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Courageous Language

Learning another language challenges your courage

Why do we learn another language? For most, learning a new language can usually be related to work, travel or holidays.

However, languages also broaden and open your mind to new cultures and people, evoking a greater sense of compassion, empathy and acceptance of differences. Languages can also provide health benefits with research finding language improves hearing and working memory.[1] Studies have also shown adults who speak two or more languages can experience delays against Alzheimer’s and dementia.[2]

So it seems the reasons for learning new languages can be social, academic, economic, physiological and emotional.

During my recent Study Tour to Japan with a group of 18 St Catherine’s Years 9 to 11 students I discovered another reason why languages provide deeper learning and life skills than just understanding new words and sounds.

Learning another language challenges your courage.

The Study Tour involved a 16 day learning experience for our Japanese students who had been learning Japanese since Year 7. The Tour immersed the students in the culture of Japan and required the girls to utilise all the knowledge they had acquired in the classroom, to find their way around the new country.

During the Tour we spent time at St Catherine’s Sister School, Aichi Shukutoku Junior/High School in Nagoya. St Catherine’s has been privileged to work in partnership with Shukutoku School since 1991 with our reciprocal student exchange program. In August 2015, 16 students from Shukutoku School spent time at St Catherine’s School, where our students hosted them. This time, we stayed in their homes.

Without a doubt, the home stay element of the Study Tour was the biggest challenge for our students. Immersing themselves in a totally foreign culture and language required great courage from all of our students. They had to overcome their fear of speaking Japanese and making mistakes in front of their peers and their host families. It was gratifying to witness the personal growth of all our students as they gained confidence, not only in the Japanese language, but also in themselves.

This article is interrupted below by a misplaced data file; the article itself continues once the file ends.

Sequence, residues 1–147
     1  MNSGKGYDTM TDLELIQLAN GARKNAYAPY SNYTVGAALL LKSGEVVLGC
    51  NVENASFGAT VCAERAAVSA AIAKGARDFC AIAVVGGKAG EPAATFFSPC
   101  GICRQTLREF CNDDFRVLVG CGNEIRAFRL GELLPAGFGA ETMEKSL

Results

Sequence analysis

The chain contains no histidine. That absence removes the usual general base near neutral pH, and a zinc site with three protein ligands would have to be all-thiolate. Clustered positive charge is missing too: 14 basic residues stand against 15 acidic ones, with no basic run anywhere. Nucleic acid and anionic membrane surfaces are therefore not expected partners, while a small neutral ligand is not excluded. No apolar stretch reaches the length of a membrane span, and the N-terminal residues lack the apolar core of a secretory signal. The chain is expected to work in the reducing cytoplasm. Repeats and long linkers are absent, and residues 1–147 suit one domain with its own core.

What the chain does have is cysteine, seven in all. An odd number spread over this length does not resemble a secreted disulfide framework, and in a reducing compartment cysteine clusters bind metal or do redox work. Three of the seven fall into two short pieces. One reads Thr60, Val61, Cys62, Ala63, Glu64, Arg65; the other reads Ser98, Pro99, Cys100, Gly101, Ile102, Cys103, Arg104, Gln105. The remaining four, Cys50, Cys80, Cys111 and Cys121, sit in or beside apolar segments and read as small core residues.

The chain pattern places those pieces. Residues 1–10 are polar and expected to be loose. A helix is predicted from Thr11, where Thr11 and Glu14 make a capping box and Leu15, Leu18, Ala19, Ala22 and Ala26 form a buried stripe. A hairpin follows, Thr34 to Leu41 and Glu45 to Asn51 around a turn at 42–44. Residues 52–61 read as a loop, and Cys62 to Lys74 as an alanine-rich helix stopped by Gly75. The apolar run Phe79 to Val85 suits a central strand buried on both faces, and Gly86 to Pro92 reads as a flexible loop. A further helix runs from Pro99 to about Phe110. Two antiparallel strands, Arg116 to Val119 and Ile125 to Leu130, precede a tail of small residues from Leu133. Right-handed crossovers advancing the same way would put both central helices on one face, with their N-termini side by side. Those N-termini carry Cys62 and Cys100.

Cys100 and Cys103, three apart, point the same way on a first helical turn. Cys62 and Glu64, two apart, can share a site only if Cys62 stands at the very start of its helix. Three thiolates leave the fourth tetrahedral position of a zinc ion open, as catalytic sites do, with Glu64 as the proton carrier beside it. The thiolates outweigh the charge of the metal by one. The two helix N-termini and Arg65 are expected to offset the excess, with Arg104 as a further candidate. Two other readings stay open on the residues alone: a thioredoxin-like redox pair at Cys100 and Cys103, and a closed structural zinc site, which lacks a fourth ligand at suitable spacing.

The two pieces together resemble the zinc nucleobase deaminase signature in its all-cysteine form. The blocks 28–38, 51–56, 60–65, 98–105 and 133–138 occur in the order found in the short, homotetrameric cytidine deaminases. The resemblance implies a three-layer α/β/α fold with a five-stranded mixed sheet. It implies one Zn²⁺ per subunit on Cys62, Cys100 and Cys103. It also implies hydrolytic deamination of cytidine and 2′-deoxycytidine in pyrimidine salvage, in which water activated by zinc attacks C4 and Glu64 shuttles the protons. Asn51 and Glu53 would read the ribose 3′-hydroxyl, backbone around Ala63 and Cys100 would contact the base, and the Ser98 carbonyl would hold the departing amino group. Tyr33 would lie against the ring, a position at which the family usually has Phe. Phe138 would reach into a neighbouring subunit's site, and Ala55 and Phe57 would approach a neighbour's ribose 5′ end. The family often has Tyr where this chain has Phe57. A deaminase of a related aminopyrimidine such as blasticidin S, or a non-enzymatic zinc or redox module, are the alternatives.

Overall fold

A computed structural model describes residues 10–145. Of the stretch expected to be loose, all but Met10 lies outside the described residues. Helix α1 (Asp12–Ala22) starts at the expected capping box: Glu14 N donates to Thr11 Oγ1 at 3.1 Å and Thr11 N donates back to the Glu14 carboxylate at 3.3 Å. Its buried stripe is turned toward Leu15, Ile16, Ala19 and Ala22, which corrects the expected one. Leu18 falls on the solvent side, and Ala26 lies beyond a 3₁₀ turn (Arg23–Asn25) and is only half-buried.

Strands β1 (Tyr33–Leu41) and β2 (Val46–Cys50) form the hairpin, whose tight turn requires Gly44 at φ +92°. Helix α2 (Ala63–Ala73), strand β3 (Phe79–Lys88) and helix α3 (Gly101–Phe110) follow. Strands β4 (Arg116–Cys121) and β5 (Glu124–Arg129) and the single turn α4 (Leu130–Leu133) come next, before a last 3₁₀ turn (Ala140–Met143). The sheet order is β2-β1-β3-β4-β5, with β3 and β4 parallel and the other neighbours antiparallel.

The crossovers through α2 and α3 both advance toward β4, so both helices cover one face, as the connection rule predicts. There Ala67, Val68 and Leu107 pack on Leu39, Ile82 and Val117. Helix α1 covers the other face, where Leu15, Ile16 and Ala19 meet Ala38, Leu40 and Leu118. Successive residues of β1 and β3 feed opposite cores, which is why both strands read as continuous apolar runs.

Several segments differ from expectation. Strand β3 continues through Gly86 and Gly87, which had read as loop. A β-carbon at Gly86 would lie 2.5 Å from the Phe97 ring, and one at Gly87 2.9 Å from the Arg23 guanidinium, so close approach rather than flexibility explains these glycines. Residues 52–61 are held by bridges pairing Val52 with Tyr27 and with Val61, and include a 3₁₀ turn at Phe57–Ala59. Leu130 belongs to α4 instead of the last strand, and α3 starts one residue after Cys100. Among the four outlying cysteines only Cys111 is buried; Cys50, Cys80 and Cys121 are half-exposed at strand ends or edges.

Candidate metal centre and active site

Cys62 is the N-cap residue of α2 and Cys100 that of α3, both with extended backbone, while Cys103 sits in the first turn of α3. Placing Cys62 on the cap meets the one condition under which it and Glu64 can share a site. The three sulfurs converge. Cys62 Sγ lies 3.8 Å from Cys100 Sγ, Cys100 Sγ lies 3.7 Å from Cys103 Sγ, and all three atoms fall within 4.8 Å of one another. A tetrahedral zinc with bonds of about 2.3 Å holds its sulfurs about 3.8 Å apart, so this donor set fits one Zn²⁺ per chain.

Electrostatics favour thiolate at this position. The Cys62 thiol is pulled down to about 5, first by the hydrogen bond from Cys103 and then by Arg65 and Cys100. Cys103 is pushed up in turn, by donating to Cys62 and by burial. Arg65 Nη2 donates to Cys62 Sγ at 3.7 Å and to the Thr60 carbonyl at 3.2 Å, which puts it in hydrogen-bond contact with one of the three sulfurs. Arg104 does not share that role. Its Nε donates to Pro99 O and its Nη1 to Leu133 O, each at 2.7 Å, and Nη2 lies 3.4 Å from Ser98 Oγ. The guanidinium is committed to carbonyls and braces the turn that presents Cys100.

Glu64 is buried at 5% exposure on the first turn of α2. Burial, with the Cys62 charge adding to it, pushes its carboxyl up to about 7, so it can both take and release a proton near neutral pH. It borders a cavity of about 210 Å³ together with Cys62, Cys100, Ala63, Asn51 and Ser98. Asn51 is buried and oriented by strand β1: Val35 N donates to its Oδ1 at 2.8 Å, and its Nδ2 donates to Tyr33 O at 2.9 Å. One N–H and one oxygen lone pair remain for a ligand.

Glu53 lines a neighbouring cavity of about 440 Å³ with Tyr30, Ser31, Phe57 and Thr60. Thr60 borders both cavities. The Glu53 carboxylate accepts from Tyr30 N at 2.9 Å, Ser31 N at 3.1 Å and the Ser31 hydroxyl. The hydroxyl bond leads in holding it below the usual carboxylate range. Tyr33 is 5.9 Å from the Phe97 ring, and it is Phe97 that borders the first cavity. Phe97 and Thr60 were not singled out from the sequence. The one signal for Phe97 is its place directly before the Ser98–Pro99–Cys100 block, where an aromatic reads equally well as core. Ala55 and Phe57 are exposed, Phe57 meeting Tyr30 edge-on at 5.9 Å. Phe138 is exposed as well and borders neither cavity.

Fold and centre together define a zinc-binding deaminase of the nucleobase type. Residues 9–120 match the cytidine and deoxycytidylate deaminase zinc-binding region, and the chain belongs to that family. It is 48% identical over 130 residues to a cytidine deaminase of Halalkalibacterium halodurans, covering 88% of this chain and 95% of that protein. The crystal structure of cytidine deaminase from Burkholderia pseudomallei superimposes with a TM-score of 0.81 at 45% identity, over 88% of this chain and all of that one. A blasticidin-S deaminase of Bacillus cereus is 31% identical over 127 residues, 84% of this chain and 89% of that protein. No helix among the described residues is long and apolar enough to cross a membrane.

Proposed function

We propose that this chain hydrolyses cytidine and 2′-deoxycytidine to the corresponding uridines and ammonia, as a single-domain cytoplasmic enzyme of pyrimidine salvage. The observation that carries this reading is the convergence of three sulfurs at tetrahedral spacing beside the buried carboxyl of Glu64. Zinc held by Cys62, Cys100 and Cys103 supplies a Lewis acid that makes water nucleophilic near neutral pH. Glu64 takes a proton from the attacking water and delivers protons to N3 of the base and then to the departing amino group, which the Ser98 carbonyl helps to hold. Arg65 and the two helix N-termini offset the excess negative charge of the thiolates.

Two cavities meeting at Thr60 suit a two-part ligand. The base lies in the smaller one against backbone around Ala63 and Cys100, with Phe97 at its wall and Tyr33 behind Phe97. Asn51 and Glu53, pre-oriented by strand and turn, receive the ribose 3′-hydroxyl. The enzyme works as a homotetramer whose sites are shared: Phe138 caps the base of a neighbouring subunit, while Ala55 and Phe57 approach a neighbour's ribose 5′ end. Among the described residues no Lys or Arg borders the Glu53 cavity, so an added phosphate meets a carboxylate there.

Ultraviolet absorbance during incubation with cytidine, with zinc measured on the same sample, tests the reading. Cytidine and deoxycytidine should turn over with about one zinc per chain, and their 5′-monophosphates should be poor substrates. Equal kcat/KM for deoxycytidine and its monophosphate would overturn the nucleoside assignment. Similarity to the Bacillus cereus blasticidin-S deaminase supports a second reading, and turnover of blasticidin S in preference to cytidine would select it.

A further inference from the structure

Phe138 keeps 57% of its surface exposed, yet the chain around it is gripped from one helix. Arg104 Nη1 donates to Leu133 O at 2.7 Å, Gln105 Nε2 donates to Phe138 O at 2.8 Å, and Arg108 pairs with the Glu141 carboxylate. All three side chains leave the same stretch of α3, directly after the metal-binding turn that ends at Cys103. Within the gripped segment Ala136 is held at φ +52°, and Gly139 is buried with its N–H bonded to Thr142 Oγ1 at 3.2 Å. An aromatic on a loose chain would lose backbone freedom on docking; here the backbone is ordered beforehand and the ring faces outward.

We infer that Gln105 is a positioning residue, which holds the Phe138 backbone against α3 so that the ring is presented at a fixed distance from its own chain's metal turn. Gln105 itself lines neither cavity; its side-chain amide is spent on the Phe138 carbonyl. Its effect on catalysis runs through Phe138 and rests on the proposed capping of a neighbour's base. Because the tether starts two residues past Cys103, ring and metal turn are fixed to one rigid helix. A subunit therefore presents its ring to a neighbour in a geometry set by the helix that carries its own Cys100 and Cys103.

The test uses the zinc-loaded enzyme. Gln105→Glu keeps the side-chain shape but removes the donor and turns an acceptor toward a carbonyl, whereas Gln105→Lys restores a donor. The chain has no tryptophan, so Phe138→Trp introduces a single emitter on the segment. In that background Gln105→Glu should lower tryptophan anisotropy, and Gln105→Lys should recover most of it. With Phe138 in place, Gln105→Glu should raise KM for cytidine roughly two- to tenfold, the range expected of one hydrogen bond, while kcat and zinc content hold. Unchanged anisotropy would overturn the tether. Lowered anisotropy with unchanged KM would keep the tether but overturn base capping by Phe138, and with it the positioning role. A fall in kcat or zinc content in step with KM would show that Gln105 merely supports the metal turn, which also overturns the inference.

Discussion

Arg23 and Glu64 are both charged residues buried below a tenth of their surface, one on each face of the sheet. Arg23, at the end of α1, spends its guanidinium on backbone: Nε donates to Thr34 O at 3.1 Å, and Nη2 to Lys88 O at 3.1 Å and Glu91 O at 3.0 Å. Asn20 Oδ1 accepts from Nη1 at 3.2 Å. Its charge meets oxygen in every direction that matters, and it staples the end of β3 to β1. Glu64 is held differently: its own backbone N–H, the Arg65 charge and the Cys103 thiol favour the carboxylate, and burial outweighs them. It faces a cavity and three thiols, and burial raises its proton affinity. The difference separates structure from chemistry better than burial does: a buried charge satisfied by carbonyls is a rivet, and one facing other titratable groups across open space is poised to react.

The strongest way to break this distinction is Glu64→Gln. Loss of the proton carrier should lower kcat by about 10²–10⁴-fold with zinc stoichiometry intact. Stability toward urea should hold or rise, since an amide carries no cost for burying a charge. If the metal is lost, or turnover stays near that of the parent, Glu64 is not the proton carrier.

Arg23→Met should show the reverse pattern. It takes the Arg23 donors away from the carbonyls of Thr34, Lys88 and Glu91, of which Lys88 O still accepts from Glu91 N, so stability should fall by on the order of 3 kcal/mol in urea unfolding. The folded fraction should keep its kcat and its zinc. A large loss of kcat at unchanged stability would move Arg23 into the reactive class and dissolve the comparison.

The Study Tour provided the students with first hand experiences in the Japanese culture including kimono wearing, Koto (traditional Japanese stringed musical instrument), calligraphy and Art classes. They also visited various form groups where they played games, had question and answer sessions in English and cleaned classrooms or corridors with Japanese students (in Japan students clean their classrooms after school every day).

Main Koto

Main Sword

The girls also participated in club activities, which they learnt is very different to the multitude of options and flexibility provided at St Catherine’s, with Japanese students usually only joining one club, and rarely changing until graduation.

The opportunity to learn a language at School and experience Study Tours such as this provides our young girls with access to other cultures and promotes friendship across the world, this was evidenced in the warm welcomes and strong bonds our girls received from the Japanese students welcoming us at Shukutoku who had spent time at St Catherine’s.

It is a personally enriching experience to guide my students through their navigation of the Japanese language and culture and sharing my love of language with them.

 

[1] http://www.pnas.org/content/109/20/7877.full

[2] http://www.neurology.org/content/75/19/1726.short

Ms Asuko Okumura

Japanese Teacher

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